Dominguez continues by stating that theism is beholden to the light of materialism for understanding the here and now and that without this light, Christians are too focused on spiritual salvation, heaven, and forget that Jesus was here in a physical body (165-166). But Theism does not need any so-called light from materialism to recognize physical reality and needs, or as a reminder that Jesus incarnated as man. In fact, the bodily resurrection of Jesus is the central tenet of the gospel (1 Cor. 15) and is a focus in churches, seminaries, theology books, and apologetics. The incarnation was a much-discussed topic of the early church defending the full humanity of Jesus against heresies.
Historic Christianity has always held to the importance of the bodily resurrection of Jesus in Christian theology, especially since this is connected to the biblical teaching of the Christian’s own future bodily resurrection.
Dominguez channels Rohr with a harsh denouncement of Christian theism needing the other three lights to remind them that Jesus’ birth was good news to all people. He claims that without the other three lights, theism tends to establish a rigid moral code and religious authority. In a very harsh statement, he writes that without the three lights of idealism, monism, and materialism, theism can create a false god and misuse religion and religious authority.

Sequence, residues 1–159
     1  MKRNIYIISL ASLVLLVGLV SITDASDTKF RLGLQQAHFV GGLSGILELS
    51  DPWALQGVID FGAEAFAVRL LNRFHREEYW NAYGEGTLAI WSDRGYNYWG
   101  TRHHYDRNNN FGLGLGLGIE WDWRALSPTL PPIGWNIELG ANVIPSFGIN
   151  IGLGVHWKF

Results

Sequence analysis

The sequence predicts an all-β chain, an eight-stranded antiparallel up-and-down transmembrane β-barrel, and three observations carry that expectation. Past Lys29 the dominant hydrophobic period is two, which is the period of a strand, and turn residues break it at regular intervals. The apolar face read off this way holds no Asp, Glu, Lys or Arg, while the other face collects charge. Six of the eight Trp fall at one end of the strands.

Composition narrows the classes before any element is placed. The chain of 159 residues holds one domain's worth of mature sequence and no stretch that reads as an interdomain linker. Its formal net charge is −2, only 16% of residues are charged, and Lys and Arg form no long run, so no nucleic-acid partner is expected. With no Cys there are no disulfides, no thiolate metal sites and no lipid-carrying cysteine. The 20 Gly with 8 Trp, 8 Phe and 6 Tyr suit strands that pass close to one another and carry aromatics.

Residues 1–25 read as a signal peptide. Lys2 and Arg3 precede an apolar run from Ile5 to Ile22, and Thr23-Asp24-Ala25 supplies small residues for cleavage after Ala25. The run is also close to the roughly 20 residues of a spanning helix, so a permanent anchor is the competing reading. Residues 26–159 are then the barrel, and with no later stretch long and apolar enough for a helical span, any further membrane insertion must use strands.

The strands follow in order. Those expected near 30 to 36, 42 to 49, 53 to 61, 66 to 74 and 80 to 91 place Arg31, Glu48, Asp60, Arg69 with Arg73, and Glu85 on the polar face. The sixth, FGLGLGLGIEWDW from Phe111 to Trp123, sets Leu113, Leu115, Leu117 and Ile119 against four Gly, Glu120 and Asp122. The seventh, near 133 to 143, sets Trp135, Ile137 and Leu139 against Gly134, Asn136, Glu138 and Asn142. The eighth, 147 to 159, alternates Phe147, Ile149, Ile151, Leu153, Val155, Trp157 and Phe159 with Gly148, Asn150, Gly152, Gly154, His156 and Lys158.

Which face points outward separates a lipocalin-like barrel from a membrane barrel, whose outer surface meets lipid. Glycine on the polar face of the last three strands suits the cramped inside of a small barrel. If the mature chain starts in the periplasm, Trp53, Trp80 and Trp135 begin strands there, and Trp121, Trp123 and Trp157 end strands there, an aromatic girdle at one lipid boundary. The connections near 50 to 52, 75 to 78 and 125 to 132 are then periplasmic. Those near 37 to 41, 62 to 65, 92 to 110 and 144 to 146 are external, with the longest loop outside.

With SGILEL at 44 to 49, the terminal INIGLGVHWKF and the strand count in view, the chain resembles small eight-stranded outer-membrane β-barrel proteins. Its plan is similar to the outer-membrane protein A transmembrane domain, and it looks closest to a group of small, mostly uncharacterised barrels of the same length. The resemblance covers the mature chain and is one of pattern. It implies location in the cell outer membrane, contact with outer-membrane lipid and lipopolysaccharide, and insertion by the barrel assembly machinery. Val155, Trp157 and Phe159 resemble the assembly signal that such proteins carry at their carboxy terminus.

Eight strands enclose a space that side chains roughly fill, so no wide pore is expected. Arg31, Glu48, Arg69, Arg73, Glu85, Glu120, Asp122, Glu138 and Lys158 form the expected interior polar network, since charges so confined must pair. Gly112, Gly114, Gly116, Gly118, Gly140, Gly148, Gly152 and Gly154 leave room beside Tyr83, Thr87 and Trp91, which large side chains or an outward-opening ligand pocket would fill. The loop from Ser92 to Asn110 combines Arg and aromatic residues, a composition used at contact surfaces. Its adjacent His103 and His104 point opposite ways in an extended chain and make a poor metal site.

This attack on Christian Theism makes some accusations from non-Christians look pale by comparison. Christian theism does not create false gods but rather is the ground upon which such beliefs are discerned and condemned. It is also a straw man to accuse Christianity of pushing rigid moral codes and authority. Just because Christianity has been misused throughout history does not mean that those actions are endorsed by God or by God’s word.
This claim about the other three lights and the attack on Christian Theism should have been sufficient to keep this book out of students’ hands.
The Tortured Paradox
Christians should not assume we have all the light there is, argues Dominguez. In other words, Christianity does not have the full truth. Dominguez has just said this in the previous chapter and repeats it later on page 180. He urges readers to embrace paradox. Paradox is one of Rohr’s favorite words, along with mystery and wonder, both of which Dominguez uses.